Camille Roskelley’s Dwell quilt, from her book Simply Retro, is one recent example.  I love Camille’s book and after I picked up Sandy Gervais’ Soho Chic layer cake last year I knew Dwell would be the perfect quilt to use this layer cake fabric.  It took a little bit of tinkering to make it work. I didn't have enough of some squares to follow the directions calling for houses with a matching roof and walls. So I used a coordinating roof fabric to the walls and you know what? It looks fine! I really like how this quilt top turned out.

When you think about using a layer cake, think out of the box.  There are lots of different ways you can use your precuts.

How do you use your precuts? What’s your favorite precut?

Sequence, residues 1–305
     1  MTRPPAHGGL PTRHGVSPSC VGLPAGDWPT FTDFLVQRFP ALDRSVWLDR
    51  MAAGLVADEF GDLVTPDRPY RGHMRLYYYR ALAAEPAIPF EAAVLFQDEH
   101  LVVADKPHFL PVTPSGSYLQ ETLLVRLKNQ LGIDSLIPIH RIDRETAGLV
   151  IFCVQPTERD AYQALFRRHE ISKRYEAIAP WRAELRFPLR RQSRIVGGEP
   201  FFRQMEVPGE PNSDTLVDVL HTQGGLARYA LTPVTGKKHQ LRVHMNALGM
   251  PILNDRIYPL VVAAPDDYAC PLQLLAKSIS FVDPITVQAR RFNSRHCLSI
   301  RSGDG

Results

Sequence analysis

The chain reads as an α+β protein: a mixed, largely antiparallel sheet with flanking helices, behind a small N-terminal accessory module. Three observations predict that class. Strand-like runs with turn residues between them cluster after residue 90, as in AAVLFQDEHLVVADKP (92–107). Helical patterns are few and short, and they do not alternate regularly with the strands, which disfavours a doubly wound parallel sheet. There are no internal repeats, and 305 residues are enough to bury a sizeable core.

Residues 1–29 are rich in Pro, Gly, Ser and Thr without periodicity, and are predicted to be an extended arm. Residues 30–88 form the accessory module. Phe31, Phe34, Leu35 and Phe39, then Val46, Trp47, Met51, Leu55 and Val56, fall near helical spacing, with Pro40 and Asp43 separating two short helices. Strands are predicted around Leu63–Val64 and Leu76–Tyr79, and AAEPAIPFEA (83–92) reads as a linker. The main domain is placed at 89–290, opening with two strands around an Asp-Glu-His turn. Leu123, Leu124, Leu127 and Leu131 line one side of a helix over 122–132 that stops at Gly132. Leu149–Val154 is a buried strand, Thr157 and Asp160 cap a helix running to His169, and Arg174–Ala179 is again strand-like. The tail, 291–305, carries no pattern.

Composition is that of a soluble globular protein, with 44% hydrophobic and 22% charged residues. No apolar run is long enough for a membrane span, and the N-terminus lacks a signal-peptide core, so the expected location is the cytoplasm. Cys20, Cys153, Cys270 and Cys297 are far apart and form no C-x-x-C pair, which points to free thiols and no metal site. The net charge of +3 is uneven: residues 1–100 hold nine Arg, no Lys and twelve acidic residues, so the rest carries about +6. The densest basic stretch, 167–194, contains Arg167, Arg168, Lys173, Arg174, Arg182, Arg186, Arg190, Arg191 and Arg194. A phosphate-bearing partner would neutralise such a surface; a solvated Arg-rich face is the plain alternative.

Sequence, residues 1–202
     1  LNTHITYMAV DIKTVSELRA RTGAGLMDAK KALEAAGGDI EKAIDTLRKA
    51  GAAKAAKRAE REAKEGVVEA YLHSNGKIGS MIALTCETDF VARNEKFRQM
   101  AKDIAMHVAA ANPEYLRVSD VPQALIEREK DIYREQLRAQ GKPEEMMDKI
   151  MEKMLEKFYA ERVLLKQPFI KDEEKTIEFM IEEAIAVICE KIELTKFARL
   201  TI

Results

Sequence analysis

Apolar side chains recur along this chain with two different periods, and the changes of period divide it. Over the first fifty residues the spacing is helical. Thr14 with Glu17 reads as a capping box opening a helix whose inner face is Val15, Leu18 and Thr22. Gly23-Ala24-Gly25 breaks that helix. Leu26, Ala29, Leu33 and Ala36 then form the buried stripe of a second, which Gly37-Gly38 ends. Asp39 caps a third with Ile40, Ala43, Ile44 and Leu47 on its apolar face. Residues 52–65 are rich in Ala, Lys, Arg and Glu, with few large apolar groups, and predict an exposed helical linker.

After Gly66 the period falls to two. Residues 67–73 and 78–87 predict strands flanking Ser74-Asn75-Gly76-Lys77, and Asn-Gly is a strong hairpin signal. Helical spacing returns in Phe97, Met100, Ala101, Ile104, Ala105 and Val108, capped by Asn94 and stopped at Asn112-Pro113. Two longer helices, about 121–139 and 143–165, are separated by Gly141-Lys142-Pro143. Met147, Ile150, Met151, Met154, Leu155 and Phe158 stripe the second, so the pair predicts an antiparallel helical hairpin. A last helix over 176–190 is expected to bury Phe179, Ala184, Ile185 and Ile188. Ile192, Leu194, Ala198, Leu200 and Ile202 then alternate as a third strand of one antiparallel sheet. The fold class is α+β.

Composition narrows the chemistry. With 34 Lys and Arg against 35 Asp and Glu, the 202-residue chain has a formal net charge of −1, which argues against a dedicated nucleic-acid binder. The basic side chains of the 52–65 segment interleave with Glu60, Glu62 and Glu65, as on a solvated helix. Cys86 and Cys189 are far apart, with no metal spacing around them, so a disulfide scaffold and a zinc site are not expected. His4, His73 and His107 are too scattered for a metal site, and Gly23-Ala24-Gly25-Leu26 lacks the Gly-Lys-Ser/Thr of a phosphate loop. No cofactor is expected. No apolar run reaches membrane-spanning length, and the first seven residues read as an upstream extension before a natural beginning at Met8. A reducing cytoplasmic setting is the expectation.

I hope you’re inspired today!  

Follow me on Instagram - julieqquilts  - there you'll see lots of photos of my contemporary quilting adventures!

Friday, December 5, 2014

Quick and Easy Wine Coasters

These wine coasters are the perfect Christmas, birthday or house warming gift for family and friends. And of course it never hurts to include a nice bottle of wine too! These coasters are also a great way to use your fabric scraps, left over charm squares and layer cake squares.

To make each coaster you'll need five 5" squares of coordinating fabrics.  I use the same fabric for the top four squares and a coordinating fabric for the bottom square. 

To begin, press each of the four top squares in half, creating a 2 1/2" x 5" rectangle.  Draw a circle on the wrong side of your bottom square. I use a 4 1/2" inch diameter circle.